Leah Salmorin is full of energy and a lover of all sports. In her native Philippines, she and her daughter, Nina Marie, would spend hours swimming and enjoying the outdoors.
Dr. Niriksha Chandrani with Leah Salmorin
However, in 2004, her whole life changed. After discovering a painful lump on her breast during a self-examination, she was diagnosed with breast cancer and was initially told she had six months to live.
Salmorin left her job as a banker to focus on her treatment. Playing sports with her daughter, then 8 years old, was put on hold.
“I felt I was drowning in a deep ocean and felt so alone – struggling and in desperate need of help,” she said.
Prior to her diagnosis, Salmorin went for yearly mammograms while living in California. Upon moving to New York City, she received primary care from NYC Health + Hospitals/Elmhurst, so she was familiar with the high-quality care the hospital would be able to provide in her fight against breast cancer.
“We are a very committed and dedicated team who cares for any patient that comes through the door, irrespective of their ethnic background or insurance,” said Dr. Niriksha Chandrani, Salmorin’s oncologist who is co-chief of the medical oncology department at Elmhurst’s Hope Pavilion Cancer Clinic. “Our goal is to make them feel comfortable and give the best standard of care for our cancer patients.”
Salmorin’s treatment included a lumpectomy, four cycles of chemotherapy, 38 days of radiation and taking tamoxifen until 2009. She’s now in remission thanks to the devoted care from her Elmhurst providers, who see breast cancer patients for more than 5,000 visits each year.
According to the New York City Health Department, breast cancer is the second-leading cause of cancer death among women, after lung cancer.
“I told myself I will not allow cancer to ruin or mess up my life,” said Salmorin, who also attended the hospital’s breast cancer support groups throughout her treatment. “I will not allow cancer to knock me down completely. I will beat cancer because I am a winner. I will get my life back and enjoy it to the fullest.”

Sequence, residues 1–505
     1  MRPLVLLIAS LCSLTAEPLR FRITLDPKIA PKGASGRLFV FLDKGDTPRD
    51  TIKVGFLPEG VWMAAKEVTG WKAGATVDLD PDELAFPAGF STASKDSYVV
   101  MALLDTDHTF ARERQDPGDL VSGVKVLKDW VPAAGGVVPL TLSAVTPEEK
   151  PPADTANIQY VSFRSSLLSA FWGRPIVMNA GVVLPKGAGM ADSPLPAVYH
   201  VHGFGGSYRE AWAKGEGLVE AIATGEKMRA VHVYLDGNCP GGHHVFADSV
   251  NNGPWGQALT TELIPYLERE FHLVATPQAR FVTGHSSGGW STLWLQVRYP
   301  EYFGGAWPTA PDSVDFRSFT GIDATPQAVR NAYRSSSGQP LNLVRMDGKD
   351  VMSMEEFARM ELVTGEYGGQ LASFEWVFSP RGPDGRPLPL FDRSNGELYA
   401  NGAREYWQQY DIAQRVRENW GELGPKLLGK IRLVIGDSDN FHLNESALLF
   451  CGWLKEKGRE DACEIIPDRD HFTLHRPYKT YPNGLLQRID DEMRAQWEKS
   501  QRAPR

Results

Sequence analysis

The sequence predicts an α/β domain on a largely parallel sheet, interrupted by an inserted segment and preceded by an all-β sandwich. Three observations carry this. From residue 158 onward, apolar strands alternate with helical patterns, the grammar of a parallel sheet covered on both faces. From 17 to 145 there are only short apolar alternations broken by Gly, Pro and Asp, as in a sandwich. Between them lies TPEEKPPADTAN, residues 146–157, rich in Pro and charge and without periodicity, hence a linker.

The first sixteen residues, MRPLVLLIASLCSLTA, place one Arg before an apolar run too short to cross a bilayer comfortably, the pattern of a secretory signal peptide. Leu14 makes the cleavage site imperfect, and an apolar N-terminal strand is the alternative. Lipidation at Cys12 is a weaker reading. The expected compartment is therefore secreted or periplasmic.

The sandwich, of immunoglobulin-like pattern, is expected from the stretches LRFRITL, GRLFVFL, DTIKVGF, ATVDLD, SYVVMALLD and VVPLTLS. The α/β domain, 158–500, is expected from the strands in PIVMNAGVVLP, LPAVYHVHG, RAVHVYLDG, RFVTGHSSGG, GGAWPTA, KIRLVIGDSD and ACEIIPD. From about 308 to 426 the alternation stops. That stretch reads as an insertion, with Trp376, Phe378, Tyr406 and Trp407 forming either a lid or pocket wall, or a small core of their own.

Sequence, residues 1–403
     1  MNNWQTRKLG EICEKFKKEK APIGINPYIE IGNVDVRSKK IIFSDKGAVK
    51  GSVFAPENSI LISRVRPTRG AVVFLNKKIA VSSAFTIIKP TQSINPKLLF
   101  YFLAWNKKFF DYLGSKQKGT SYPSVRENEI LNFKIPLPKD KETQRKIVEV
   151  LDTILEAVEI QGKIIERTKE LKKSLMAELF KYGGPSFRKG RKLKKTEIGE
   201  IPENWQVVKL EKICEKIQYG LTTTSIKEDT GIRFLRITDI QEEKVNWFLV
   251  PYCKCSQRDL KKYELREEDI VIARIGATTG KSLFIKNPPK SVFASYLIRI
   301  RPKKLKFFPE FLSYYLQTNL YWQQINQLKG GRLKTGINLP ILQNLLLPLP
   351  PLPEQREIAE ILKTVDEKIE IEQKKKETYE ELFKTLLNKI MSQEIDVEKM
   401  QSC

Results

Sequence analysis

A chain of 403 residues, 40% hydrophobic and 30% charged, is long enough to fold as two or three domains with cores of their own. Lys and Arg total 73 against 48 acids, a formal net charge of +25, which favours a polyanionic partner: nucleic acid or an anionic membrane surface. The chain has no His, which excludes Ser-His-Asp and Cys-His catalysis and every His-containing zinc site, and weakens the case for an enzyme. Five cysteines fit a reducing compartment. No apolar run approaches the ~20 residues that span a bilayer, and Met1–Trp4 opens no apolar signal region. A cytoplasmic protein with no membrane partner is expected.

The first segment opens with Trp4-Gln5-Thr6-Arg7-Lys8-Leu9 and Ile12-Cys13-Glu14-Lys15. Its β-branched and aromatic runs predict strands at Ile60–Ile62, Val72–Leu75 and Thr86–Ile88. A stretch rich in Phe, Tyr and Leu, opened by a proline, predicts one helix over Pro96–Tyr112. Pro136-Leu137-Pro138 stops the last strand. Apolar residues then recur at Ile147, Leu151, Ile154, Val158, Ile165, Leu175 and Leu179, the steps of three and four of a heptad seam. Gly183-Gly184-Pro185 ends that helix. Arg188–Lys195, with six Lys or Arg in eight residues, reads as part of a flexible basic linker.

To show her appreciation to Elmhurst, Salmorin worked as an American Cancer Society patient navigator, counseling women on the importance of routine mammograms to prevent breast cancer. Last year, she was recognized during Elmhurst’s Cancer Survivors Day celebration for her volunteer work.
“Leah was highly motivated,” said Dr. Chandrani, who now sees Salmorin for follow-up visits once a year. “Even after being diagnosed with breast cancer, she was a very brave person – always trying to smile. Now she’s made it her mission to help other people. She’s a role model for other patients.”
Salmorin searched for a way in which she could inspire other breast cancer survivors to join the ongoing battle. Tapping her passion for water sports, she founded the nonprofit organization Paddle for the Cure, which offers a unique survivorship program that uses recreational dragonboat paddling to manage the side effects of breast cancer treatment.
Founded in 2013, Paddle for the Cure promotes a positive and healthy lifestyle among breast cancer survivors. The 20-member team includes survivors from NYC Health + Hospitals/Elmhurst as well as supporters from the Queens community.
The team’s goal is to eventually compete on the national and international stage. The group holds routine fundraising events to aid in this goal, and a portion of the donations helps the underserved patients of the Hope Pavilion Cancer Clinic.
“I believe at the end of the dark tunnel, there is always light and I can get through anything,” said Salmorin. “I am thankful for being transformed into a better, stronger person.”
Interested in joining Paddle for the Cure? Both men and women ages 15 years or older are welcome. Visit pfcnyc.org for more information on how you can be part of the cure.
Check out these five facts from our experts on the importance of getting routine mammograms to reduce your risk of breast cancer.